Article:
“An Octopus” appeared in November.44 Moore’s longest poem, it runs to 231 lines. It imagines Mt. Rainier as an octopus and as a volcano. Seen from above, or as mapped, the mountain appears to have eight white glaciers stretching down its sides. Moore takes up this image, turning the glaciers into tentacles or arms of a creature deep in a “sea of shifting snow dunes.” The octopus “hovers forward” “on its arms” and kills its “prey with the concentric crushing rigor of the python.”

Above the sea rises the forest, the fir trees “specimens of our American royal families.” The trees part to reveal a lake of “indigo, pea-green, blue-green and turquoise”— “The Goat’s Mirror,” their reflections lost when “the wind makes lanes of ripples.” Fauna populate this realm, including “elk, deer, wolves, goats, and ducks.” Bears live in dens “concealed in the confusion / of ‘blue stone forests thrown together with marble and jasper and agate / as if whole quarries had been dynamited.'”

These lines introduce the image of Mt. Rainier as a volcano, the results of eruption visible in the fallen rock above the timberline. Near the peak, the mountain goat “stands its ground

upon this antique pedestal —

“a mountain with those graceful lines which prove it a


its top a complete cone like Fujiyama’s

till an explosion blew it off.

Having shown us the peak, Moore steps back to review this Big Snow Mountain “distinguished by a beauty / of which ‘the visitor dare never fully speak at home / for fear of being stoned as an imposter . . . .’. ” This mountain reveals the roosts and nests of eagles, ptarmigan, and water ouzels. It welcomes mountain goats and campers who have filed “names and addresses of persons to notify / in case of disaster.” It harbors a dazzling array of wild flowers: cat’s paws, larkspur, blue pincushions, avalanche lilies; it “admires gentians, lady-slippers, harebells, mountain dryads / and Calypso, the goat flower” “on this volcano with the bluejay, her principal companion.” The bluejay

knows no Greek, the pastime of Calypso and Ulysses ­

“that pride producing language,”

in which “rashness is rendered innocuous, and error exposed

by the collision of knowledge with knowledge.”

There follows a long description of Greek behavior, intelligence, interests, and ideas, all “remote” from “this game preserve” where climbers must do as they are told if they hope to “conquer the main peak.”

The marine images recur as Moore begins her conclusion:

Relentless accuracy is the nature of this octopus

with its capacity for fact.

“Creeping slowly as with meditated stealth,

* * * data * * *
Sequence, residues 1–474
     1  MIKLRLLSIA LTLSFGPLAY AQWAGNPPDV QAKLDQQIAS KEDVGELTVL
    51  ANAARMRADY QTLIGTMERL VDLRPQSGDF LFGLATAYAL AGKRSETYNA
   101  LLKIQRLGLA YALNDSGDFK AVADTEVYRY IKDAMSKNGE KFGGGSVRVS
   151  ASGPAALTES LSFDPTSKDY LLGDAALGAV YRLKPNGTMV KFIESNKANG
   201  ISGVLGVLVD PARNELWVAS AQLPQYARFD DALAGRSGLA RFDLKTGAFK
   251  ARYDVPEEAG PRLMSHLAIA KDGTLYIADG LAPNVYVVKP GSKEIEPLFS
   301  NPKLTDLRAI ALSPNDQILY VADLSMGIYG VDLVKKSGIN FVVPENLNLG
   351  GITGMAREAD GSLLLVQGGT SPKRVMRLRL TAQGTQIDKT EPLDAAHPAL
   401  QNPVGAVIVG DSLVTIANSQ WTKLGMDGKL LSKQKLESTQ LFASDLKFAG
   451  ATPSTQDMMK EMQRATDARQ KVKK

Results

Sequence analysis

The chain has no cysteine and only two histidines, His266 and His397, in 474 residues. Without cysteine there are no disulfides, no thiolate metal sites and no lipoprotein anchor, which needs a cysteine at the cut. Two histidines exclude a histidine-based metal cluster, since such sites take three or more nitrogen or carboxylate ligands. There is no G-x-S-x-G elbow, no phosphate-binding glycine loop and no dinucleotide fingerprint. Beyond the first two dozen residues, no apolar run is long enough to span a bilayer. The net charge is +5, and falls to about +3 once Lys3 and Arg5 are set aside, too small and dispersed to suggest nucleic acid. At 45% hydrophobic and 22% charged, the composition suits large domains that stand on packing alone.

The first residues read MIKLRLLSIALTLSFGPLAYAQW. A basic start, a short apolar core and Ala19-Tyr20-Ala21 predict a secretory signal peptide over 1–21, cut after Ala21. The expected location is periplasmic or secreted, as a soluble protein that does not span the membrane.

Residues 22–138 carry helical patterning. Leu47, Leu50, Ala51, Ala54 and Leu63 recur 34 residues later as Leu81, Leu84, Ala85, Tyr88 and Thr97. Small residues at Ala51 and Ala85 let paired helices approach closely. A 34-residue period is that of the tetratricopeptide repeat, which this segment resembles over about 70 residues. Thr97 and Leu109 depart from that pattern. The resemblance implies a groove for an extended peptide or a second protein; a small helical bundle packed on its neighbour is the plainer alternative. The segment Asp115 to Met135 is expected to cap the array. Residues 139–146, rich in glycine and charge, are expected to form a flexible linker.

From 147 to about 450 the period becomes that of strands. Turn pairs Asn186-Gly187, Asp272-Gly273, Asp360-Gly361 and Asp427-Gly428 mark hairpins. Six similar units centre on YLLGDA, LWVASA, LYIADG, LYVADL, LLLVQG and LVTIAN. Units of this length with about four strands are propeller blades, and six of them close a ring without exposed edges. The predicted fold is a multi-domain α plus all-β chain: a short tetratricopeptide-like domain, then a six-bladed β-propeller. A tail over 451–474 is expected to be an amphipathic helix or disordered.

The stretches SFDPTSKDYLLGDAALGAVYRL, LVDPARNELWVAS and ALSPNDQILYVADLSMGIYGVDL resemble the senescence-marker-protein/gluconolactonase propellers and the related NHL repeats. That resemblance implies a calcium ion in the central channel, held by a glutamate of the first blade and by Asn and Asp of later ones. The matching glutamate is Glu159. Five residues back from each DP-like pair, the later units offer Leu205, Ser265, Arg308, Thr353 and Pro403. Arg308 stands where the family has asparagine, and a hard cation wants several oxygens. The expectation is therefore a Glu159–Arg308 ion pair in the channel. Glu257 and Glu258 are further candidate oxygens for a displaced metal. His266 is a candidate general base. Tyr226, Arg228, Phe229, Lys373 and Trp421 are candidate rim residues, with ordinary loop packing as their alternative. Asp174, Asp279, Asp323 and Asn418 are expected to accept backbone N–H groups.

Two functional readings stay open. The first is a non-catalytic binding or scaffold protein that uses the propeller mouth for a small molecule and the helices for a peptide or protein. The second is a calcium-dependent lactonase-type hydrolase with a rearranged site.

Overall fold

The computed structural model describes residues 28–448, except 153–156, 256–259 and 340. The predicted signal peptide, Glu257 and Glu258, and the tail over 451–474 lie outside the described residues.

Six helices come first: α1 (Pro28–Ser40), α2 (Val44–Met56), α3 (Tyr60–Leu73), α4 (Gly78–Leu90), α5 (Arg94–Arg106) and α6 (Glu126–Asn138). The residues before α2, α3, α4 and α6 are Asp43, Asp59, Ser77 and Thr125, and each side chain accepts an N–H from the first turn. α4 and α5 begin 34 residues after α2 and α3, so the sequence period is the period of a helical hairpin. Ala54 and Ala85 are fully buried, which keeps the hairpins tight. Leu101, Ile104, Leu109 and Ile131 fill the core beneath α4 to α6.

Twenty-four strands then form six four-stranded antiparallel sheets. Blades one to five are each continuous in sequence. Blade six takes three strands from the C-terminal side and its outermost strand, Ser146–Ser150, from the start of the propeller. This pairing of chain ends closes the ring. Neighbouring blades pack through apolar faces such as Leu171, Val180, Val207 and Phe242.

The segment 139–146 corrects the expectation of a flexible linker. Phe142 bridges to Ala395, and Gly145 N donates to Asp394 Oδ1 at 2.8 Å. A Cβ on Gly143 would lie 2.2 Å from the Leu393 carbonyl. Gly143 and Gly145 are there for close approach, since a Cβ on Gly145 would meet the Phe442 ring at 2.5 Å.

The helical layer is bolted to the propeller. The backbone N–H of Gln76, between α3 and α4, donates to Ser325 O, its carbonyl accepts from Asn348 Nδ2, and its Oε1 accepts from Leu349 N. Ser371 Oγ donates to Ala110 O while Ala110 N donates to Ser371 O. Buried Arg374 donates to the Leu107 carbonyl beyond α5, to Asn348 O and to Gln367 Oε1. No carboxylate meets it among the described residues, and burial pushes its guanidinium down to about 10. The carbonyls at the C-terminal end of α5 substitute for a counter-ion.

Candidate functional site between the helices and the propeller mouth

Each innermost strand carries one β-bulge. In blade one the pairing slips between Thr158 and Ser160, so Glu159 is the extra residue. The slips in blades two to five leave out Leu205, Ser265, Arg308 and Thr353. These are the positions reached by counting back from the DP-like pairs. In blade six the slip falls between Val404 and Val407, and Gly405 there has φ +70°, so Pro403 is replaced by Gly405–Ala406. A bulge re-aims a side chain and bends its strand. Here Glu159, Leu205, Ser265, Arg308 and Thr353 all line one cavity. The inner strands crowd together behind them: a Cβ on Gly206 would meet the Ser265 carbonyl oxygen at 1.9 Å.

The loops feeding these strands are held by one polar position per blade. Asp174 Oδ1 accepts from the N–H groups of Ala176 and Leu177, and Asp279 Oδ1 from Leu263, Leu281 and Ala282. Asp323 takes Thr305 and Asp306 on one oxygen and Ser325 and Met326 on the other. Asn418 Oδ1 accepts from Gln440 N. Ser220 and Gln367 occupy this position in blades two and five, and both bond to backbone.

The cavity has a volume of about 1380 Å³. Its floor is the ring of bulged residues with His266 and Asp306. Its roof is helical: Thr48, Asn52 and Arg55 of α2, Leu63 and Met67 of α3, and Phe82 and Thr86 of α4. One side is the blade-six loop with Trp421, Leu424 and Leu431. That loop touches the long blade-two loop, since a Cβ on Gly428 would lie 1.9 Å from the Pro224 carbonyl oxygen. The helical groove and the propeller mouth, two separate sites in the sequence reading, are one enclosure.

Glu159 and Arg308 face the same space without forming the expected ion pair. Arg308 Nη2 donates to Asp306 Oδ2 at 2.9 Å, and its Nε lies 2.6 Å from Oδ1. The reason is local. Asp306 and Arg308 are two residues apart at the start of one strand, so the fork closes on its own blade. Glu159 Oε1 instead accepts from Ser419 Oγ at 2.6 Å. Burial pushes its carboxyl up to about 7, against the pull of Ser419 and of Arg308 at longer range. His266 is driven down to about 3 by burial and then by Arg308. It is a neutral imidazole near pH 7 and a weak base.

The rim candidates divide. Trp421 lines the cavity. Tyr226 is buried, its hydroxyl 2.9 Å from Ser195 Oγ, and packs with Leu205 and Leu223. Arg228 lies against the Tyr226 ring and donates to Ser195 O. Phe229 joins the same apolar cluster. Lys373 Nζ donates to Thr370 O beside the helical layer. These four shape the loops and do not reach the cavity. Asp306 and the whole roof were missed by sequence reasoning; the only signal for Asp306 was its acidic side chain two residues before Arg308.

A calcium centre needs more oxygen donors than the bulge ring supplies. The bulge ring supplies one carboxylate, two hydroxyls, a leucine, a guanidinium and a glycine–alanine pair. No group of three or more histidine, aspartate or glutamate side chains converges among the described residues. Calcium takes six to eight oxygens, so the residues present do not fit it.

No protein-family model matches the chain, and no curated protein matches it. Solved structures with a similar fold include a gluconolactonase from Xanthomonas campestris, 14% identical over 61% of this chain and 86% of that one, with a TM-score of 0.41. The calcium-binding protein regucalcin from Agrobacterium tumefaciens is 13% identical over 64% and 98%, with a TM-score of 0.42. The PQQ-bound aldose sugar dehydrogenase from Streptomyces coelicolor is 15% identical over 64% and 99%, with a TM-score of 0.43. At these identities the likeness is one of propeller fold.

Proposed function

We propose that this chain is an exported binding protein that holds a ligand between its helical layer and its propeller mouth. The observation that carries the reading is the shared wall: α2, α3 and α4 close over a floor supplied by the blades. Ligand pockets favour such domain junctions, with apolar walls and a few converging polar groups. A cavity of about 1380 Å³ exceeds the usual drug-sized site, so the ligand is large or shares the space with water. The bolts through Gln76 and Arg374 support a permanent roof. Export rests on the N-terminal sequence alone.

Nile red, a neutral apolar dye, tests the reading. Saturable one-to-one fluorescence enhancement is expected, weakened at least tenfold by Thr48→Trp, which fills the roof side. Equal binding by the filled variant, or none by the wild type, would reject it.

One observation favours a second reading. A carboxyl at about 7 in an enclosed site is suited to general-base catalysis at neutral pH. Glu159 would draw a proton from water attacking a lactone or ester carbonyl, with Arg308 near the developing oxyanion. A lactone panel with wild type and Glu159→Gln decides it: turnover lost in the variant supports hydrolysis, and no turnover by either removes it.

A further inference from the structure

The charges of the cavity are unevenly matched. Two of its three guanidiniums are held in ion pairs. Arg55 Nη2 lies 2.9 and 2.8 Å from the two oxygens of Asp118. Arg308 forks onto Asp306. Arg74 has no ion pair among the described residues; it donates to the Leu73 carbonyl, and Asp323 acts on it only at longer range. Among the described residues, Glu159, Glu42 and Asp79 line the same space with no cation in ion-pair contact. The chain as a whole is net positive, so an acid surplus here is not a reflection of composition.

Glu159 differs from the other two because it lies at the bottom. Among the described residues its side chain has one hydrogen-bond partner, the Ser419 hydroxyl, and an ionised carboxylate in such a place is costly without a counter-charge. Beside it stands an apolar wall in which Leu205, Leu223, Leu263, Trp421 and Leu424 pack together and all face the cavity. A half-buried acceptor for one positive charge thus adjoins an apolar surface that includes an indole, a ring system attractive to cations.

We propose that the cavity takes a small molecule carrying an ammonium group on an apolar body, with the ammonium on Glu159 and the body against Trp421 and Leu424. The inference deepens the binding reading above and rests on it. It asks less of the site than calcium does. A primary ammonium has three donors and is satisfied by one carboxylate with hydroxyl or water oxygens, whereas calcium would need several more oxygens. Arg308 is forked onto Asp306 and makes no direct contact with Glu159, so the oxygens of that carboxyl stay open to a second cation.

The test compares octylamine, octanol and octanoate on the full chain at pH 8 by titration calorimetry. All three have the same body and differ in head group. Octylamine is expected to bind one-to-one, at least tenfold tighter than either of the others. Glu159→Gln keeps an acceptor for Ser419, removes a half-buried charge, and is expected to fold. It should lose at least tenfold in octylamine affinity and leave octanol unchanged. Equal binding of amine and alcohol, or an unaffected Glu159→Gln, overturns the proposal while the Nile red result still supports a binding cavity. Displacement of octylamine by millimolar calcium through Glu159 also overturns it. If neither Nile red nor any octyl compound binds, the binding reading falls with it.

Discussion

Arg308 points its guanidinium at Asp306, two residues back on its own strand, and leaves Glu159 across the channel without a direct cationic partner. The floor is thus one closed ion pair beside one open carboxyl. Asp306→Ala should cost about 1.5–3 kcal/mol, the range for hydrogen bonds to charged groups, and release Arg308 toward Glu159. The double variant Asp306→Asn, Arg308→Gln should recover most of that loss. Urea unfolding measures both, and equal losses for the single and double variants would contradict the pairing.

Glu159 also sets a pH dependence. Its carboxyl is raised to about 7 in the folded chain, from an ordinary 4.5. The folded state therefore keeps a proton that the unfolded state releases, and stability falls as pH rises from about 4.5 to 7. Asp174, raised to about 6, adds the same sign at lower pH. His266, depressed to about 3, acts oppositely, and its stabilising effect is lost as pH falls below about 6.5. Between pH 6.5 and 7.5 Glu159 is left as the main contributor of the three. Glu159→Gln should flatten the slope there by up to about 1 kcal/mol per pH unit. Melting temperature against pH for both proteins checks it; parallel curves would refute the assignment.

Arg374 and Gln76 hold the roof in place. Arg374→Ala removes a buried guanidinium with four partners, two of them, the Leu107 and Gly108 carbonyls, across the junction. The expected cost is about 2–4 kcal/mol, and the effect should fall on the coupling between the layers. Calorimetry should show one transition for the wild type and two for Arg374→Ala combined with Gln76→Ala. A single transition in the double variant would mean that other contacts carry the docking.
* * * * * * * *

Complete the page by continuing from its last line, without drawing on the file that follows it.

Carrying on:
its arms seeming to approach from all directions,”

it receives one under winds that “tear the snow to bits

and hurl it like a sandblast,

shearing off twigs and loose bark from the trees.”

Finally, this “hard mountain” is a

white volcano with no weather side;

the lightning flashing at its base, •

rain falling in the valleys, and snow falling on the peak ­

the glassy octopus symmetrically pointed,

its claw cut by the avalanche

“with a sound like the crack of a rifle,

in a curtain of powdered snow launched like a waterfall.”

This prosaic summary cannot do justice to the eloquence of Moore’s poetry; it is meant only as a guide to an extremely intricate work, full of quoted passages, seeming non-sequiturs, catalogs of flora and fauna–and Greeks.

Moore’s elaborate tapestry has a message–or several messages, concerning right living in her introduction of two Greek elements. Her first, the practice of behavior “so noble and so fair” derives from John Henry Newman’s “The Idea of a University,” his lectures urging the formation of what is now University College, Dublin, the first Catholic university in the British Isles. Her second, the Calypso “goat-flower,” Ulysses and the mountain goat, Pan, flow from her immersion in Greek myth. These two aspects of Moore’s Greeks will center this discussion of the poem and lead to an interpretation of its messages.

Leaving aside for the moment the introduction of Calypso, Ulysses and the language of Greece, 1 want to focus on the Greeks Moore brings as visitors to Mt. Rainier:

“Like happy souls in Hell,”

enjoying mental difficulties,

the golden grasshoppers of Greece

amused themselves with delicate behavior

because it was “so noble and so fair” . . . .

This passage begins with a reference to Dante’s Inferno'”: “And then you will see those who are happy in hell, for they hope to come, whenever the time shall be, among the blessed. (I, 118- 120) Virgil explains the course of their travels to Dante and these lines describe their ascent of Mt. Purgatory. Right off, Moore uses a transformation to create her uniquely styled Greeks. While Dante places Homer and his cohort of heathens in the first circle of hell where the unbaptized suffer the pain of desiring to see God without hope of doing so, Moore moves them to purgatory from which they will one day achieve heaven.

These are the Greeks who, according to Newman, chose propriety as their principle of conduct